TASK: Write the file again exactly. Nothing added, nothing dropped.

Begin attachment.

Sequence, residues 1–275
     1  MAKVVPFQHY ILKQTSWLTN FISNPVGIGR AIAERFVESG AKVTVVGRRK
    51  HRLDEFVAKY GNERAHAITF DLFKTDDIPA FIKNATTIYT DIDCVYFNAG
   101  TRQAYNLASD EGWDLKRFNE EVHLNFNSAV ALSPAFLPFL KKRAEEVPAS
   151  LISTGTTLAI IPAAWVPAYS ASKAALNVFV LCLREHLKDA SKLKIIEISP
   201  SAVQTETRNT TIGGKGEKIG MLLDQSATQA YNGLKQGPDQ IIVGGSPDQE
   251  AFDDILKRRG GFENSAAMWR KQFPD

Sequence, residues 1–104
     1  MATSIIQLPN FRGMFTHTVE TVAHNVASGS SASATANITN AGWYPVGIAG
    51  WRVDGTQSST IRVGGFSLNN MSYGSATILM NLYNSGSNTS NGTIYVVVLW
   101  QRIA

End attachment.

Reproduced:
Sequence, residues 1–275
     1  MAKVVPFQHY ILKQTSWLTN FISNPVGIGR AIAERFVESG AKVTVVGRRK
    51  HRLDEFVAKY GNERAHAITF DLFKTDDIPA FIKNATTIYT DIDCVYFNAG
   101  TRQAYNLASD EGWDLKRFNE EVHLNFNSAV ALSPAFLPFL KKRAEEVPAS
   151  LISTGTTLAI IPAAWVPAYS ASKAALNVFV LCLREHLKDA SKLKIIEISP
   201  SAVQTETRNT TIGGKGEKIG MLLDQSATQA YNGLKQGPDQ IIVGGSPDQE
   251  AFDDILKRRG GFENSAAMWR KQFPD

Sequence, residues 1–104
     1  MATSIIQLPN FRGMFTHTVE TVAHNVASGS SASATANITN AGWYPVGIAG
    51  WRVDGTQSST IRVGGFSLNN MSYGSATILM NLYNSGSNTS NGTIYVVVLW
   101  QRIA